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Native Sun News: 'Fractivists' making case known on Capitol Hill

The following story was written and reported by Talli Nauman, Native Sun News Health & Environment Editor. All content © Native Sun News.

‘Fractivists’ to invade Capitol Hill July 26
By Talli Nauman
Native Sun News
Health & Environment Editor

WASHINGTON –– A new report about hydraulic fracturing – the oil and gas industries’ preferred extraction technique – is fueling Native American and other communities’ plans for the first National Day of Action on July 28 against the controversial practice that has come to be known as “fracking.”

With improving technology, nine out of 10 gas wells operating in the United States now use hydraulic fracturing to release fuel for the market, the report says. The so-called unconventional process entails blasting large volumes of sand and fluid through well-bore holes under immense pressure to break up petroleum-bearing rock and free the previously inaccessible product.

Today, more than 30 states are experiencing fracking, according to the report entitled “The Right to Know, the Responsibility to Protect: State Actions are Inadequate to Ensure Effective Disclosure of the Chemicals Used in Natural Gas Fracking.”

Released July 9 by the Washington, D.C.-based non-profit OMB (Office of Management and Budget) Watch, the report observes: “The task of protecting the health and safety of citizens and regulating natural gas drilling has been left to state and local governments.”

“No state has yet established all of the elements of a chemical disclosure policy strong enough to ensure the quality of the water and the health of communities near gas wells,” it concludes.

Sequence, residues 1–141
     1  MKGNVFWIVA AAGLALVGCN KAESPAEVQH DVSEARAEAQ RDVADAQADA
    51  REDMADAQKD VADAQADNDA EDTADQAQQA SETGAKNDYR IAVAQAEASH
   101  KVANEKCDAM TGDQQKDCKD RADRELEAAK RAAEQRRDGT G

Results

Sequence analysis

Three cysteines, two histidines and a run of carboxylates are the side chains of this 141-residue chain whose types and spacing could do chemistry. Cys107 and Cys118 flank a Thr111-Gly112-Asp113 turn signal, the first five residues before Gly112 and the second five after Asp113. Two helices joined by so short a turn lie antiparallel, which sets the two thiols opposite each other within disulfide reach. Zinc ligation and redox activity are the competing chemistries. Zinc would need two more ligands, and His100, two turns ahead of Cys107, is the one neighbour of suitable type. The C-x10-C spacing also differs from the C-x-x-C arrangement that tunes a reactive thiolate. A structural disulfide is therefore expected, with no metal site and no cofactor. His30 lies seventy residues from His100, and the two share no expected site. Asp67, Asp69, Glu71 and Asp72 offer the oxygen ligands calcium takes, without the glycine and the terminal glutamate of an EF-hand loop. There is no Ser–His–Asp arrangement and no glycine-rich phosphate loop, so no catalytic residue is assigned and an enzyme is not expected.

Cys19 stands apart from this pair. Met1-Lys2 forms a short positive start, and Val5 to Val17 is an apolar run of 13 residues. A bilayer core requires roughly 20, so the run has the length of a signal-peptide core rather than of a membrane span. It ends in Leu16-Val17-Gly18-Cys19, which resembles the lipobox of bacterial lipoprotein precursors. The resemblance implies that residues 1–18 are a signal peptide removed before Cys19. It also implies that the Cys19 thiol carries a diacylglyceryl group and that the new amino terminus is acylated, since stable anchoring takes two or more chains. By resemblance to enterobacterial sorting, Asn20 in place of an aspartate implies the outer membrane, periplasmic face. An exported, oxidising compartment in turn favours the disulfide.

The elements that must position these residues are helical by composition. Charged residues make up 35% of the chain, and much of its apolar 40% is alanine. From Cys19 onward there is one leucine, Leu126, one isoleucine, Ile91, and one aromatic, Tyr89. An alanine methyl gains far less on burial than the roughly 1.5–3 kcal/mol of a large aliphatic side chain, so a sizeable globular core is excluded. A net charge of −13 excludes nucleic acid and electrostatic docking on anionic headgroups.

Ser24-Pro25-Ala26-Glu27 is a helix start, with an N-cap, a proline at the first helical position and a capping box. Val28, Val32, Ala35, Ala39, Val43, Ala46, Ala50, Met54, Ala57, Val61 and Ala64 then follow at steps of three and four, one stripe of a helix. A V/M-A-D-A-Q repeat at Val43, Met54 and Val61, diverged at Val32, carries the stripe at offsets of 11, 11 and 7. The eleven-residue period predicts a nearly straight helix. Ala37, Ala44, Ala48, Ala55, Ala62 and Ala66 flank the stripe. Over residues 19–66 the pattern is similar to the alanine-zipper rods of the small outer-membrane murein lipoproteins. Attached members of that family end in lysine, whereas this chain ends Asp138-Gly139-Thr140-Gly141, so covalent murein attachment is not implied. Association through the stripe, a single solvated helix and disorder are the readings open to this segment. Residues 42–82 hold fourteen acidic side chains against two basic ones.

Announcing the National Day of Action, Theodora Bird Bear, a member of the Dakota Resource Council from North Dakota’s Fort Berthold Reservation, agreed, saying “We have found that we cannot rely on our local, tribal and state officials to prevent pollution of our air and water and our health.”

“They tell us there will be no impacts, but we can see the impacts and we know they are real,” she said in a joint statement announcing the mobilization on the U.S. Capitol’s West Lawn, dubbed “Stop the Frack Attack.”

Fort Berthold, reservation of the Mandan, Hidatsa & Arikara tribes, is smack-dab in the middle of the Williston Basin’s Bakken gas and oil field, where advances in fracking technology have made North Dakota the second-largest petroleum producing state in the nation.

“We are asking policymakers in Washington, D.C., to help us protect and honor our connections to the earth,” Bird Bear added.

The U.S. Interior Department helped bring fracking into the limelight with a July 10 deadline for public comments on proposed federal regulation changes for disclosure of chemicals used in fracking.

However, critics, such as the umbrella Western Organization of Resource Councils, or WORC, to which Bird Bear’s group belongs, commented that the changes should require much more accountability than the measures proposed.

WORC’s offices in Washington will host participants in a July 26 Stop the Frack Attack Lobby Day on Capitol Hill.

“Dirty drilling isn’t a state or regional problem – it’s a national problem,” said John Fenton, a Wyoming rancher who is on the National Day of Action’s Advisory Council. “It’s time for the White House and Congress to stop buying the industry line and start paying attention to the real devastation this industry has caused our communities, air and water.”

Organizations from Wyoming, North Dakota, Pennsylvania, West Virginia, New York, Maryland, Texas, Ohio, Colorado, New Jersey, New Mexico, Idaho and Virginia have signed on in support of the Day of Action.

The OMB Watch report traced the history of federal oversight on disclosure of toxic chemicals and on other safety measures related to fracking.

“In 2005, when Congress passed a massive energy bill, a clause was inserted into the law specifically exempting hydraulic fracturing from oversight under the Safe Drinking Water Act,” the watchdog group reported.

In the light of weak federal regulation, the report recommends that state disclosure policy should be enhanced to include the following points: